Governments need to take an active interest in how automation and artificial intelligence will shape the human society in the near future.
There is little doubt about the benefits of the current rush towards new technologies that are rapidly transforming our companies, industries and indeed the way of living across the globe. Augmented Reality, Virtual Reality, Automation, Bio-engineering, Industry 4.0 or Artificial Intelligence.
Companies around the world, irrespective of the country or the industry in which they operate, are adapting or at least preparing to adapt these innovations, if not enthusiastically then at least by compulsion as they fear being left far behind in this latest race towards the new pot of gold at the end of the rainbow.
Though it is still early days, as many of the technologies are in the trial phase or at the stage of initial development, some impact of the revolution is already being felt, most of it positive, for now. The business models of practically all of the unicorns (start up companies with valuations of at least a billion dollars) are based on the new technology. Several of them have seen their valuations reach sky high levels even though they continue to bleed hundreds of million of dollars each year as they pursue perfection of their businesses, in an attempt to arrest the losses.
In many cases, the valuations of the loss-making unicorns exceed those of globally well-known companies with established businesses, consistent profitability and strong balance sheets based on proven business models. Yet, the lower valuations of these companies makes it more expensive for them to raise capital. Hence, even the traditional companies feel obliged to adopt the new technologies or adapt their businesses accordingly.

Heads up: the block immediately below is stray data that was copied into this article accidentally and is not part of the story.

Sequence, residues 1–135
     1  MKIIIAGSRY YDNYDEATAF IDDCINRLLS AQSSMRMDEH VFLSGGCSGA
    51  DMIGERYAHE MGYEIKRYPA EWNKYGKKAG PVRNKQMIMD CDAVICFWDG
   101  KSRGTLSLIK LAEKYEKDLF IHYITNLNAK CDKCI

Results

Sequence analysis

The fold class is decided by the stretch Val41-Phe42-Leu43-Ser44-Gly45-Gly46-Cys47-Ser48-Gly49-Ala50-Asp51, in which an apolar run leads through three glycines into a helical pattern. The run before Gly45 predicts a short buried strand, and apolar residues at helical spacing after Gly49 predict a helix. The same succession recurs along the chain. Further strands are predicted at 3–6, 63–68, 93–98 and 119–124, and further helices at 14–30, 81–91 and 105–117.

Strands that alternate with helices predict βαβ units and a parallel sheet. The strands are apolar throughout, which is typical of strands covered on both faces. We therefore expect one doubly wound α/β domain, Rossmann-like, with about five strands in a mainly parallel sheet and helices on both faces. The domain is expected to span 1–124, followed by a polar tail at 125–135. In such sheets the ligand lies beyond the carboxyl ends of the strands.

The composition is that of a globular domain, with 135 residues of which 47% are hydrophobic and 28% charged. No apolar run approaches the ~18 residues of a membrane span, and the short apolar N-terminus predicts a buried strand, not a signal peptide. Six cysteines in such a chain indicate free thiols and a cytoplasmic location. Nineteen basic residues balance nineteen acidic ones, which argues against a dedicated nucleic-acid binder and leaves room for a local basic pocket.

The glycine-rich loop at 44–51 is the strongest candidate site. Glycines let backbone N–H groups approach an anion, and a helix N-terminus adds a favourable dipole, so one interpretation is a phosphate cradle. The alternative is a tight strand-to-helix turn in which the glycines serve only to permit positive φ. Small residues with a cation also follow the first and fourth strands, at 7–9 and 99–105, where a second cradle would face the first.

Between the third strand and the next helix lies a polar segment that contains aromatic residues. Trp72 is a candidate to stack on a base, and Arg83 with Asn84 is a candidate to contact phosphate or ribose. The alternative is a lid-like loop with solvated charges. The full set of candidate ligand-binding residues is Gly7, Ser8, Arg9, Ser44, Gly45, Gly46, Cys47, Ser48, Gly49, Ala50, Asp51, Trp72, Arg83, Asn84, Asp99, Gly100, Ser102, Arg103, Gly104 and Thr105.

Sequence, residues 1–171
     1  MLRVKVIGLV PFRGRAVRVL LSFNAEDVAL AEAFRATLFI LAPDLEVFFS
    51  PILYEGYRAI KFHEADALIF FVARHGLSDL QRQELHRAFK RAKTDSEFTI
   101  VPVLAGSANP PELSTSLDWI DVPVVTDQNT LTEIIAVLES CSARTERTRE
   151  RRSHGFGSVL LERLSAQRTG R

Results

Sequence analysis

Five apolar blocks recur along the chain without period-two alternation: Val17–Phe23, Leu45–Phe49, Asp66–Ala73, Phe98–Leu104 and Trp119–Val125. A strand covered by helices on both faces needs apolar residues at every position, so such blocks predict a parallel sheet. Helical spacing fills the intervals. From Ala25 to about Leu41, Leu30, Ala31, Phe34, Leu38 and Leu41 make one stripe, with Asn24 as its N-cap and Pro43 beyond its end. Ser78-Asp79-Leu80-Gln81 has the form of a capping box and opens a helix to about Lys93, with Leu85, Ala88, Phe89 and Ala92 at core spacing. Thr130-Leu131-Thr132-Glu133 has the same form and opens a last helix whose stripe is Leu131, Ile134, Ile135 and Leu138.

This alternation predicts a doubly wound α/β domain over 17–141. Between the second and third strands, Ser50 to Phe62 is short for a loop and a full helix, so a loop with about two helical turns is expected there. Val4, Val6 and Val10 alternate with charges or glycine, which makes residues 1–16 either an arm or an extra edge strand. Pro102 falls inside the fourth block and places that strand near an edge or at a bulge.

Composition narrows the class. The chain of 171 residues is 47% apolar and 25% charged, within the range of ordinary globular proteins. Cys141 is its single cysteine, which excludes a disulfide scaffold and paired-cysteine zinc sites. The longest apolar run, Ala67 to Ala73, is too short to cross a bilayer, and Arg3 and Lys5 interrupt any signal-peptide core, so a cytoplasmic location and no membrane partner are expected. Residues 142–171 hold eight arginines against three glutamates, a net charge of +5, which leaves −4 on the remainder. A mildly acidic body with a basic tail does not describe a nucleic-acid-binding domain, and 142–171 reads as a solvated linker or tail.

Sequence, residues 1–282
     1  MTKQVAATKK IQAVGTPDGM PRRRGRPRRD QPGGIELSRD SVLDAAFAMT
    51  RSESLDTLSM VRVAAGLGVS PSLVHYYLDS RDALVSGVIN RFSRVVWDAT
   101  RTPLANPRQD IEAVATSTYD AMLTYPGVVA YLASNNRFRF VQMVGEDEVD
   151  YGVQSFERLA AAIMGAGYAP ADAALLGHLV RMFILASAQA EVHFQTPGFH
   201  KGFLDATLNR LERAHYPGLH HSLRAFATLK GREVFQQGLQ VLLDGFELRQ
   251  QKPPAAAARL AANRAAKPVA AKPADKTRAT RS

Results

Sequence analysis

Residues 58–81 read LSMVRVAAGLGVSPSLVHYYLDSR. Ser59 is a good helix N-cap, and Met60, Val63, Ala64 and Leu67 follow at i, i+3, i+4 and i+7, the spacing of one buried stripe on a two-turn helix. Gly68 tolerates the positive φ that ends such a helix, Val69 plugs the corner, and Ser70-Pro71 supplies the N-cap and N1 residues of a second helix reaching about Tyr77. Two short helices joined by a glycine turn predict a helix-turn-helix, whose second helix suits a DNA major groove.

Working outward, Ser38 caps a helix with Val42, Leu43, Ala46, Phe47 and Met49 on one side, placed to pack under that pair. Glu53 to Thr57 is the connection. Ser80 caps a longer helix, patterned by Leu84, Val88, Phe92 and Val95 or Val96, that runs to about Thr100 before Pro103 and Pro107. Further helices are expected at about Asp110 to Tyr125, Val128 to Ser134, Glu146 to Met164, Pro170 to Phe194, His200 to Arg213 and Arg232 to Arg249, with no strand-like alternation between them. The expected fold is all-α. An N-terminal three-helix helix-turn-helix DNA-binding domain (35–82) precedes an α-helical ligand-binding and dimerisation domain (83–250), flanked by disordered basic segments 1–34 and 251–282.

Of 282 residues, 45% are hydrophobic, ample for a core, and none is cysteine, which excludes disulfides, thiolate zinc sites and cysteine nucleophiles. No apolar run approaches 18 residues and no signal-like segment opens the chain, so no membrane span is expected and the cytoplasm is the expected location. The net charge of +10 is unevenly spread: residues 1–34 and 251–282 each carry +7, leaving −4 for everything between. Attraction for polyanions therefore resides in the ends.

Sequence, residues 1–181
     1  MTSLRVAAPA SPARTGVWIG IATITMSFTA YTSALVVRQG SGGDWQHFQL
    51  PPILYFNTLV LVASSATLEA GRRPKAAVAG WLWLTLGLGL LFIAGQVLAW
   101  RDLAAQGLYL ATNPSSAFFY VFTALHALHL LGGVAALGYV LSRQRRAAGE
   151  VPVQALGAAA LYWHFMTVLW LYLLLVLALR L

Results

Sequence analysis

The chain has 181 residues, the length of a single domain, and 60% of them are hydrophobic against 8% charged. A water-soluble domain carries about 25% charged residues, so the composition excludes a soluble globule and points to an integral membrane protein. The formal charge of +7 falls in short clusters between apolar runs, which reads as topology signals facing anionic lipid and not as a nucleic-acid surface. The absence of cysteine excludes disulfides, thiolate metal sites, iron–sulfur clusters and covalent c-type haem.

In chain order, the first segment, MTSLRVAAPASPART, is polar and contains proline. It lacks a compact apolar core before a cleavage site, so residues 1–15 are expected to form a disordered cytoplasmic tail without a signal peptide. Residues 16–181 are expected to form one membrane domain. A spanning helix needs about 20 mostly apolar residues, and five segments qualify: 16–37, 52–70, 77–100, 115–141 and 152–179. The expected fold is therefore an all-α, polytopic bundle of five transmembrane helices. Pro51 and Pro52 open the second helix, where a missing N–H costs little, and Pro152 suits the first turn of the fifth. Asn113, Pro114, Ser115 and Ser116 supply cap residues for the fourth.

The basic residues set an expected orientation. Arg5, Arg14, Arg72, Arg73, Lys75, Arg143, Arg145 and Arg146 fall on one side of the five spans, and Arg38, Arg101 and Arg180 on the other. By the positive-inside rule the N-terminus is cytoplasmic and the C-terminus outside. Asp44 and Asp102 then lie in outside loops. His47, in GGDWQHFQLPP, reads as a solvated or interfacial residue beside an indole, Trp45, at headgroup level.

But one gain that they all see and are excited about is cutting the payrolls as robots, machines or computers take over the tasks performed by workers now. Though, deploying fewer workers for the same or even higher output has been the trend for decades, this process will gain huge momentum and it will spread to sectors so far left untouched or those businesses that had emerged from the previous round of automation such as the IT industry or the financial industry.
Looking at the stage of development of AI and other technologies, the global impact, within next decade or so, is surprisingly large. A study by McKinsey, a consultancy firm, says that the automation will lead to job losses of between 400-800 million by 2030, chipping away at nearly a third of the total work force in the world. Another study by Brookings Institution predicts even a grimmer future with job losses topping 38 pc of the global work force.
The robotisation of the workplace is certainly a huge plus for any business as it immediately boosts profitability, meaning higher packages for the CEOs and better returns for the shareholders. And in this zero sum game, the workers displaced by robots are the losers as many of them, or even most of them struggle to find another equivalent job.